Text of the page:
A quick 5 follow-up: Honolulu police might be having second thoughts about their ganja gun grab.

As we mentioned last week, police cross-referenced a list of medical marijuana patients with a list of firearms purchasers. People on both lists got letters giving them 30 days to “voluntarily surrender” their guns and ammo.

Now the policy is under “review,” according to the Honolulu Star-Advertiser: “The policy review follows community backlash since news of the letters sent to at least 30 legal medical cannabis users and permitted gun owners spread nationally this week via marijuana websites and the media.”

The NRA, meanwhile, still maintains a stony silence on the matter…

Now the backstory on a Trump controversy few seem to remember except us.

Yesterday the president ordered a huge reduction in the size of two national monuments in Utah — Bears Ears and Grand Staircase-Escalante.

Media coverage told us the latter of those two monuments was created by Bill Clinton in 1996. Media coverage glossed over the possibly, uhh, questionable motives for Clinton’s move at the time.

Beneath that land in Utah lay an unusual grade of clean-burning coal, worth up to $1 trillion in 1996 dollars. There were only two other places in the world where such coal existed in abundance. One was in Colombia, where the location was so remote that the cost of roads and power lines would have been prohibitive.

The other was in Indonesia — a country where at the time a $5 billion conglomerate called the Lippo Group had a hand in, well, nearly every major development project.

If you have a good memory for Clinton scandals, you’ll recall the Lippo Group was accused of illegally funneling foreign money to the Clinton campaign — perhaps through an intermediary named John Huang, a former Lippo executive who later became a Clinton fundraiser and then a Commerce Department official.

A Utah congressman said at the time it was an “uncanny coincidence that the high-grade, clean-burning coal found within the monument’s borders is rivaled only by a deposit in Indonesia. The potential connection to the Lippo Group is obvious.”

Granted, the monument angle was all smoke and no fire. But there was also no attempt to investigate further.

According to the journalist Greg Palast, senior members of Congress cut a sweetheart deal during Clinton’s second term to sweep dueling campaign-finance scandals under the rug: The Republicans would go after Clinton only for the sex stuff and not for Lippo shenanigans. In exchange, the Democrats would hush up about the Koch brothers breaking campaign finance laws in their backing of the Republicans’ successful effort to win the House and Senate in 1994.

Fast-forward to the present day and it appears that their pro-coal rhetoric notwithstanding, Team Trump has little interest in the coal deposit at Grand Staircase-Escalante: According to this morning’s Wall Street Journal, the aim of Interior Secretary Ryan Zinke is “to increase public access to the area for roads, grazing and active management for conservation.” Hmmm…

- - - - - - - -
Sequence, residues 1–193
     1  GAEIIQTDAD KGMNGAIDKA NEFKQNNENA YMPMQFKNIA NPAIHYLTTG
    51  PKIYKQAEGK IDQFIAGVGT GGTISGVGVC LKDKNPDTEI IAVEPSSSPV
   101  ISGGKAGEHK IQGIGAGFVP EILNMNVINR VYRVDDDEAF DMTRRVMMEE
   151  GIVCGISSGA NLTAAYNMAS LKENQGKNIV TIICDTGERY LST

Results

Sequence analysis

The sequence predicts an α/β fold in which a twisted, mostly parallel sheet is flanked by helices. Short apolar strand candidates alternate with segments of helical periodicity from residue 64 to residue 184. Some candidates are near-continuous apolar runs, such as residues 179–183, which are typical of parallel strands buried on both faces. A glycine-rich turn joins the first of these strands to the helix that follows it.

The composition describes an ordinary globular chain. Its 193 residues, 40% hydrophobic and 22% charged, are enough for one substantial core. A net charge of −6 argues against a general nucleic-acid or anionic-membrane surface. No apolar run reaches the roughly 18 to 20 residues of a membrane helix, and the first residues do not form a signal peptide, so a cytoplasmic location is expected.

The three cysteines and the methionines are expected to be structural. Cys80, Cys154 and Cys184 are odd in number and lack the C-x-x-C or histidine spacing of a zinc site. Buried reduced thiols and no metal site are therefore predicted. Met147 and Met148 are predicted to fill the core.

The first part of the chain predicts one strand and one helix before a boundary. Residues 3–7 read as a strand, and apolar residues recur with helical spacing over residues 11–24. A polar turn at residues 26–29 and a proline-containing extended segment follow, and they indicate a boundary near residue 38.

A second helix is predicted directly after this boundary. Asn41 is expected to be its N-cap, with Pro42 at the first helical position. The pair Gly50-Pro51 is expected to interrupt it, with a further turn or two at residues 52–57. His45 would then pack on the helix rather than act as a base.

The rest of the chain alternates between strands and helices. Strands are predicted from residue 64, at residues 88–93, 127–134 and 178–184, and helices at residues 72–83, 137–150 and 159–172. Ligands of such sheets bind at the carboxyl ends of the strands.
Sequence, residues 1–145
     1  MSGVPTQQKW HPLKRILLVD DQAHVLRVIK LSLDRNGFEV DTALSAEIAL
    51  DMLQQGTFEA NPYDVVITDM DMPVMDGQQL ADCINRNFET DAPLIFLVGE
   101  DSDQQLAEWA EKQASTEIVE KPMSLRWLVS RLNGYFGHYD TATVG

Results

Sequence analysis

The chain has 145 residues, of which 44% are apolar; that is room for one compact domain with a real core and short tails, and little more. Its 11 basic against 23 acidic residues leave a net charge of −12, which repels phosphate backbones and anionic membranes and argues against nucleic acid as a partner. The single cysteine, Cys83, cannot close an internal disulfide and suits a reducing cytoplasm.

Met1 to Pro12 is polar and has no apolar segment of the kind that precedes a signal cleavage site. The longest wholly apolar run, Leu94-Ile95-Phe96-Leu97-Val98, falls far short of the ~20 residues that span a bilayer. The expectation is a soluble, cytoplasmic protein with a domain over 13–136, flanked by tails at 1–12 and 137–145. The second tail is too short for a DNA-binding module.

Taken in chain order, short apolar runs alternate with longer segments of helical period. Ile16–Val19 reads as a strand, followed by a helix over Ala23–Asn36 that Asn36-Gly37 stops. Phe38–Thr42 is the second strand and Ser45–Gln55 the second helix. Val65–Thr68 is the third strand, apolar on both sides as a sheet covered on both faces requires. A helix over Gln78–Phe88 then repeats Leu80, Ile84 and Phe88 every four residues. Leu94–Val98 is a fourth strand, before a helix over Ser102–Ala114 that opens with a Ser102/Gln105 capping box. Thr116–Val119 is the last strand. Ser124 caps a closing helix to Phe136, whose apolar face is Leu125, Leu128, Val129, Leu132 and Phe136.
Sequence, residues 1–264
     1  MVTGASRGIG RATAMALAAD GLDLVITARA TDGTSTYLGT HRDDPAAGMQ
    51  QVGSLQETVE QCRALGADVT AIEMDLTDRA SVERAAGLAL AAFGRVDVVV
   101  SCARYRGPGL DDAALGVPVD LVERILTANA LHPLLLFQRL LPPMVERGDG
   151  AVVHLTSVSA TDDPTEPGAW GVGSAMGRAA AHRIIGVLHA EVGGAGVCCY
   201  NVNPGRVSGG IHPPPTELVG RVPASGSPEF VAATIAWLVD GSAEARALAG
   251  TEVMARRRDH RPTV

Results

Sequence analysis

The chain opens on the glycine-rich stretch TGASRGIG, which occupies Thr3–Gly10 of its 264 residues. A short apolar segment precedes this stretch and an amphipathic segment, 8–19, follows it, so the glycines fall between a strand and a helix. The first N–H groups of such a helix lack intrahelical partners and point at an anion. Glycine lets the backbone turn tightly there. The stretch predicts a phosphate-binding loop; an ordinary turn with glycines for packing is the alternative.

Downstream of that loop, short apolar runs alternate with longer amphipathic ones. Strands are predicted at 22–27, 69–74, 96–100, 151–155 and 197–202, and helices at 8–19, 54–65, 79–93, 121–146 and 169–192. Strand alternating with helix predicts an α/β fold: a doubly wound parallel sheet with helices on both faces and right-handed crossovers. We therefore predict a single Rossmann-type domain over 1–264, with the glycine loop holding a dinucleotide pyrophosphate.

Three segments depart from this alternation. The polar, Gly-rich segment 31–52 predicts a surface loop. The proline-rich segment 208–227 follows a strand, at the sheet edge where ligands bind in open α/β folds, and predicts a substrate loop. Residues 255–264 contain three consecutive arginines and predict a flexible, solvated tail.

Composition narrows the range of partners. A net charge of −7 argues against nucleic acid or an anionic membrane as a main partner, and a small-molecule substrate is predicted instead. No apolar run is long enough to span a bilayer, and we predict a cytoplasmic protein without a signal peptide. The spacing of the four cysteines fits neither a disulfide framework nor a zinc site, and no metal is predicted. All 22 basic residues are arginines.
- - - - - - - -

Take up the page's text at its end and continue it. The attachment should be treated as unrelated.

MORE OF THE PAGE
“Are you certain about the loss of all those small business deductions?” a reader writes after yesterday’s episode of The 5.

“My understanding was one of the earlier iterations of the bill dumped some of the deductions employees could claim as a part of their employment (think teachers who buy supplies for their classes) but owners of businesses would not lose any significant deductions.

“Of course, a lot of deals went down at the last minute to get the votes for passage, so I suppose anything is possible, but in spite of my complete and total lack of respect for our Congress critters, I can’t imagine even they are so stupid as to support what would be a massive small-business killer, should it be true.

“Love you guys, as always.”

The 5: A few years ago we’d joke about Nancy Pelosi’s infamous line during the Obamacare debate, “We have to pass the bill so that you can find out what is in it.”

Nowadays it seems as if that’s how every major piece of legislation is passed, no matter which party is in charge. Here’s a page from the “final draft” of the Senate tax bill passed early Saturday morning, complete with handwritten changes:

notes

Anyway, it seems a lot of people are conflating “small business” with “self-employed.” Our primary concern is with the self-employed folks who aspire to become small businesses first and big businesses later. They’re the real job creators.

As we pointed out a month ago, the House bill is written in such a way that only certain kinds of “pass-through” businesses will qualify for a 25% tax rate. The folks at Emergent Research estimate only 7–8% of such business owners would qualify. “Few if any traditional freelancers and independent contractors will be able to take advantage of the pass-through provision, even if they make a lot of money.”

Meanwhile, near as we can tell, the Senate bill ashcans the home office deduction.

“I will believe in bitcoin when the government accepts it as payment for taxes,” a reader writes. “Not until.”

The 5: What do you mean, “believe in”?

Believe in it as an investment vehicle? Or as a medium of exchange? Those are two different questions. Indeed, the bitcoin “fork” back in August was driven in part by folks who are disappointed that many people are merely speculating in bitcoin instead of using it to carry out commerce.

“I’d love to see a lively discussion between Jim Rickards and James Altucher about bitcoin,” writes our final correspondent. “They appear to be on polar opposite sides of this topic. Thoughts?”

The 5: We’ll see what we can do. In the meantime, we’ll share some of Jim’s thoughts about cryptocurrencies tomorrow or later this week.

Best regards,

Dave Gonigam

Dave Gonigam
The 5 Min. Forecast

P.S. We did the best we could last night during James Altucher’s live crypto Q-and-A, considering readers submitted 10,000 questions. That said, James answered about 50 of the most common ones. Impressive. So if you have a question and you didn’t get a chance to watch, chances are good he addressed it.

Here’s your chance to watch a replay of the event.

Please note: Because the cryptocurrency market moves quickly, this information could be out of date before you know it. So we’re taking it offline Thursday at midnight — give it look while you still can.